For agent, baseball's cap another word for opportunity

January 07, 1995|By KEN ROSENTHAL

The baseball owners are going to love this. They implemented a salary cap only two weeks ago, and already a player agent has figured out a way to squeeze even more money out of their new system.

Scott Boras is the agent who engaged the Orioles in a bitter contract dispute over Ben McDonald in 1988. He still represents McDonald, and now he has devised a plan that would enable the pitcher to leave Baltimore.

McDonald, 27, is a restricted free agent under the owners' new economic system, meaning the Orioles can retain him by matching the offer of any club attempting to sign him.

Boras also represents four other top pitchers in the same category -- Steve Avery, Andy Benes, Alex Fernandez and Jim Abbott. His plan not only would make them rich, it would give them unprecedented bargaining power.

That is, if the owners went along.

It seems doubtful, seeing as how the plan revolves around an oral promise by a player to stay with the club that signs him. The point is, agents like Boras will find loopholes and outsmart the owners under any system.

Boras is Lex Luthor to Bud Selig's Superman.

And now he's even more dangerous, with time on his hands.

For now, the union has imposed a moratorium on contract signings, not because the players are on strike, but because it wants to educate them on the cap. Eventually, that moratorium will be lifted. And then the fun will begin.

Oh, the owners will just love the Boras plan. They designed restricted free agency to hold down salaries for the four- and five-year players who once benefited from salary arbitration. Boras, naturally, is proposing just the opposite.

"The clubs are saying, you know Baltimore will match any offer for McDonald," Boras says.

"And I say, believe me, there's a contract mechanism I can give you where there's no way a club can match it."

Are you ready, Roland Hemond?

Breakfast is served.

Boras says he would ask clubs interested in McDonald to make an offer, but not just any offer.

A five-year, guaranteed offer.

An offer with an inflated first-year salary.

L An offer with an option to void the contract after one year.

Yes, it's the dreaded one-and-out clause, coming soon to a ballpark near you. The owners are to be congratulated. Without realizing it, they might have created an entire generation of Chris Webbers.

"The excuse of, 'I know Baltimore is going to match that,' would be gone," Boras says. "No way Baltimore is going to match that. It would put them in a very disadvantageous position.

"A) They'd have to pay him a big salary for a year. B) There'd be no guarantee he'd stay. And C) The only way he'd stay would be if he was injured [and wanted to collect his guarantee]."

Obviously, Boras fears the owners might engage in collusion, depressing the market for his players. There's just one problem with his plan: What club would want to sign a McDonald under his one-sided conditions?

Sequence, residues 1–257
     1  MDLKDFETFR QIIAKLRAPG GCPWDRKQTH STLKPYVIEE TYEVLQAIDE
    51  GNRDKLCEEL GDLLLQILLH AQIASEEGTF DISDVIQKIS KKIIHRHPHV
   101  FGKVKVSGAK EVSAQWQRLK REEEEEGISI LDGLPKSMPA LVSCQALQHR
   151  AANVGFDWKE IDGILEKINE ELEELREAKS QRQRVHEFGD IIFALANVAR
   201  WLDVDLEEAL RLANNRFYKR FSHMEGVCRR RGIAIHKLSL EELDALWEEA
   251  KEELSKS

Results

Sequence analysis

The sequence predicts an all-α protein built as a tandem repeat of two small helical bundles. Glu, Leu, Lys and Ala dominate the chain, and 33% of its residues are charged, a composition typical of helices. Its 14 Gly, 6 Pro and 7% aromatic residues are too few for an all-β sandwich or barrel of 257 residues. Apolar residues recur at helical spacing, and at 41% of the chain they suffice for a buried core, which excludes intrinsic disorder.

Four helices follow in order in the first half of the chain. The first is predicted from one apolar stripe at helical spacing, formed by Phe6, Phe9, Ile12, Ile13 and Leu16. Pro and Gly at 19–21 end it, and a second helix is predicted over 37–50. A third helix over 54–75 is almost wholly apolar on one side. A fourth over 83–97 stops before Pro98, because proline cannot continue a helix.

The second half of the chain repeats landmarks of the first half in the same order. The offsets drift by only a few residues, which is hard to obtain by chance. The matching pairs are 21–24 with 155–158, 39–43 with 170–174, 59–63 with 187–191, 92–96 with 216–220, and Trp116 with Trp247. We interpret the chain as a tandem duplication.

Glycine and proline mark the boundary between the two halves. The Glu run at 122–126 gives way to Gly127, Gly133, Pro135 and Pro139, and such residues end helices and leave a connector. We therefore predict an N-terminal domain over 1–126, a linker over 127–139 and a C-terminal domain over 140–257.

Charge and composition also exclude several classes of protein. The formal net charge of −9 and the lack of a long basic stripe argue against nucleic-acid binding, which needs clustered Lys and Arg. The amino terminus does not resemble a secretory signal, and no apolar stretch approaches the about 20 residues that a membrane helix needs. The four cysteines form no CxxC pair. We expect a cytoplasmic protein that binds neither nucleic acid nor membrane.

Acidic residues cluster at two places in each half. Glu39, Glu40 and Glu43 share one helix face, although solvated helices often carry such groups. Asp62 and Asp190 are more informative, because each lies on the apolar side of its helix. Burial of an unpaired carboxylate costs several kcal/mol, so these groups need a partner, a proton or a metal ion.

Remember, the signing club would be bound by the same agreement as the Orioles. Still, Boras says McDonald could make an oral promise to waive his free-agent option the moment he signed, protecting his new club.

An oral promise from a Scott Boras client.

An oral promise from a pampered major-leaguer.

An oral promise when all of the contents of the contract are supposed to be in writing -- bad faith negotiating, at its finest.

What would prevent McDonald from breaking his promise after he goes 21-3 and wins the Cy Young Award?

Absolutely nothing.

"None of my clients would ever do that -- that's unethical," Boras says.

Larry Lucchino, the former Orioles president who went toe-to-toe with Boras in '88, will have a nice chuckle over that one.

Still, the worst-case scenario for the signing club would be overpaying McDonald for one year, then losing him as an unrestricted free agent. Who's to say George Steinbrenner wouldn't bite?

Boras claims the owners' system offers another incentive as well. Say McDonald signed a five-year, $25 million contract, with a first-year salary of $7 million. Boras believes only $5 million would count against the cap.

The NBA uses actual salaries when computing its cap, but when it comes to multi-year contracts, baseball will average them out. Of course, rival owners would claim the McDonald contract was binding for only one year.

A circumventing-the-cap debate.

Don't you love it?

Boras does. The way he has this figured, the Orioles should act now, or risk losing McDonald. Or, they could make an offer to an Avery or a Benes, defining the market before it takes shape.

Boras says he spoke with Hemond about McDonald on Tuesday. He didn't mention his plan in that conversation. At that point, he ++ had not yet applied the finishing touches.

"Roland indicated to me that he definitely wants to keep Ben in Baltimore," Boras says. "I indicated to him that Ben was very happy in Baltimore. We'd like to work something out."

Always beware of agent-talk, but Boras says it's now or never if clubs want to sign his clients. If the National Labor Relations Board files an injunction against the cap, baseball could return to something resembling its old economic system, with six-year free agency.

The owners then would lock out the players, but that's another story. Boras envisions all of his pitchers signing under the new system, then a three-year wait for the next set of top free agents -- Mike Mussina, Wilson Alvarez, etc. -- under the old.

"You're talking about the availability of No. 1 pitchers in the major leagues," Boras says. "Here's your chance."

That's Lex Luthor talking.

Look out, owners.

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